As we rushed to Ellie's classroom she just skipped along so proud of her wet braids. I explained that if she heard "EEWW!" from her classmates it was because of what happened, not her personally. She was fine with it. Her teacher met me at the door: "Is it true?" She asked with a look of horror as she glanced at Ellie's wet braids to my face.

"I'm just going to say yes, since I'm in a hurry," I said. "But Ellie is REALLY okay with it."

She skipped off to class.




When I picked her up at the end of the day, she said that everyone knew and she was a bit of a rock star. At the next recess she acted as a Tour Guide and led her little classmates to the exact location of the crime scene. Older kids came over and asked her to retell her tale from the beginning leaving out no detail. She happily obliged, thoroughly enjoying her 15 minutes of fame. It turned out to be one of her "bestest days".

McDaniel, my 4th grade daughter, said that her teacher told her in class what had happened to Ellie (she had heard it in the teacher's lounge). McDaniel said that she got the weirdest feeling that she wanted to laugh and cry at the same time. I told her I was familiar with the feeling.

I rushed back to the doctor's office and was met by a humored waiting room. Judy had been entertaining the "crowd" with Ellie's story!

My husband called breathless as we walked to the car. He feared an emergency. I explained.

"That is so Ellie," he said, matter of factly.


I Have a New Ellie Story

My 4th grade daughter, Ellie, sat on a tack in her chair at school a few weeks ago. Is that so Little Rascals? I keep singing the line, "I put a tack on teacher's chair. Somebody snitched on me" from "I'm Gettin' Nuttin' For Christmas".



When she told me, I instantly thought of which boy in her class did it.

Then she said she was in the computer lab. And had just asked to switch seats to get away from two boys so she could concentrate more.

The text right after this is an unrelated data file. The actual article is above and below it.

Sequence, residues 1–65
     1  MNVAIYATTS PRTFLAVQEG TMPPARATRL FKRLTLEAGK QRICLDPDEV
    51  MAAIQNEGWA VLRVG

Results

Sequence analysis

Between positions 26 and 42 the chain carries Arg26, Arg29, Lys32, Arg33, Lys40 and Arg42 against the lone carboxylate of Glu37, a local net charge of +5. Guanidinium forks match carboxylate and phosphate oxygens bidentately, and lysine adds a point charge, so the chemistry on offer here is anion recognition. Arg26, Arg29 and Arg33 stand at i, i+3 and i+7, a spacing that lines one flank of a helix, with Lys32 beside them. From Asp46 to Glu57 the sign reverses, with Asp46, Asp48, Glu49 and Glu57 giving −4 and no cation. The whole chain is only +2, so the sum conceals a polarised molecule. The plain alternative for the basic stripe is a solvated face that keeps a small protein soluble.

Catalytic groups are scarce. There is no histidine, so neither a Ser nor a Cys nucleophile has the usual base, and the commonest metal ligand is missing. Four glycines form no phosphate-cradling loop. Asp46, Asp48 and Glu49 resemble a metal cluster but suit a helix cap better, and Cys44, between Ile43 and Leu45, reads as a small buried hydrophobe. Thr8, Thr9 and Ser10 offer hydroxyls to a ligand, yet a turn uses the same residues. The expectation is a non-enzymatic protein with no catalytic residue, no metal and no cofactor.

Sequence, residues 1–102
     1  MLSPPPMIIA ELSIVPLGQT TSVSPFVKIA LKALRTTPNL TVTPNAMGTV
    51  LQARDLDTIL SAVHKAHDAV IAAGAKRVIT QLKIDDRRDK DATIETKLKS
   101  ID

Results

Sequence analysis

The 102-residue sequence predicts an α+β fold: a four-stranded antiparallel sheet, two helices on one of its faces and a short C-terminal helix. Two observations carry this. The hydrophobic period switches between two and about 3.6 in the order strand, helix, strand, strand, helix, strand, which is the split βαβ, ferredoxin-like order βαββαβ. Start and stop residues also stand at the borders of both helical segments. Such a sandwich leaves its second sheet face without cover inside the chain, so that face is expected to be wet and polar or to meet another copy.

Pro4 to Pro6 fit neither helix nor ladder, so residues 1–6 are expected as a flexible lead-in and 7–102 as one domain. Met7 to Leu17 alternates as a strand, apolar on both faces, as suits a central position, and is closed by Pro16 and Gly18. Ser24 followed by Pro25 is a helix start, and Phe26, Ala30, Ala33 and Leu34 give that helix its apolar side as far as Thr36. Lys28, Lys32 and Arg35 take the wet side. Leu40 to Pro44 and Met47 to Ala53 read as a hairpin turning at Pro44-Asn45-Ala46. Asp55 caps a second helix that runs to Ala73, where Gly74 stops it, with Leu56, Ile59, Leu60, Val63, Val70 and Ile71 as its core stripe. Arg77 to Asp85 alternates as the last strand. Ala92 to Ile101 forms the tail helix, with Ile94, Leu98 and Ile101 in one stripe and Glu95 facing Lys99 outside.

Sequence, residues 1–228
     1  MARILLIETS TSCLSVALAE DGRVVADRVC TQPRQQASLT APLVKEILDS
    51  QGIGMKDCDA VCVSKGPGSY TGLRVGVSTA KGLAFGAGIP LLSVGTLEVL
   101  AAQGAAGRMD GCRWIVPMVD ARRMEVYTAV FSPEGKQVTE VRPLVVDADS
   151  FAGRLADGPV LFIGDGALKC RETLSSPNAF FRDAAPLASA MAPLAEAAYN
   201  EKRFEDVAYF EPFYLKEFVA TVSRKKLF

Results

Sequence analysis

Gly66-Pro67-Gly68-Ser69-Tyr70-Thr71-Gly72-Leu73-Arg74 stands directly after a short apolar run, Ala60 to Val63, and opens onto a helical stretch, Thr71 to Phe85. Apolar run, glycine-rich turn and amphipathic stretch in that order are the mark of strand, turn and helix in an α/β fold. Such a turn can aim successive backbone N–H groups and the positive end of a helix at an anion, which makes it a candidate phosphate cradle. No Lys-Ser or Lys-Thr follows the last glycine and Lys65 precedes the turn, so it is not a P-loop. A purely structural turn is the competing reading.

I guess she did a little hoppity-plop on the chair in her little yippity-skip way she has so the tack REALLY got in there with some force.

"In there" being in her bottom. (sorry to be graphic)

Ouch.

She asked the boy next to her if she did indeed have something in her bottom (she thought it was a splinter).

He confirmed.

She asked (in the complete desperation of the situation) for him to take it out.

He declined.

But he did go get the teacher.

Bless him.

The teacher pulled it out.

God bless her.

I meant to write her a note to thank her for that but could never come up with the appropriate "Hey, thanks for yanking a tack out of my daughter's behind!" kind of sentiment suitable for a card. I felt this needed to be a face-to-face conversation.

I got to do that last week. In all the years of teaching, Ellie was the first tack-in-the-chair incident the teacher had to deal with and the first tack-in-the-bottom she had to pluck out. Ellie is good like that. Good for giving you a story to tell. I have often heard, "Never, in all my years as a school nurse…" through the phone when being called at home with an Ellie story. See "Puked In the Head" for another example.

So once the tack was plucked,  Ellie got sent right to the nurse. Ellie has a little problem with the nurse. Not a problem. An obsession. She likes to go see the nurse. To "check in" as she likes to call it. She is no hypochondriac. I'm not sure what it's all about but I think she needs a little break from time to time. Or attention. Or both. It's either a rush or a comfort. She figured out in the 1st grade that if you complain of a stomach ache you could get Goldfish crackers. Claim to be weak and/or shaky--score some apple juice. It was better than a vending machine to her!

The nurse was out so a substitute nurse was there. A substitute who happened to be the mother of a boy in Ellie's class. Ellie had to, literally, be pantsed so the nurse could check to see if the tack had broken off.

Ellie seemed okay with the whole thing. She started the story by saying, "Interesting thing happened to me today…" like she was going to go right into a how-I-got-picked-to-take-attendance or a I-made-it-to-second-base-in-kickball story. But then again, she is my daughter, and these things have happened to her since, well, birth. In fact, I retell her tales by starting out, "I have a new Ellie story…" It's better than "Once upon a time" and heavily implied with a "Pull up a chair, you're going to want to hear this."

God bless her.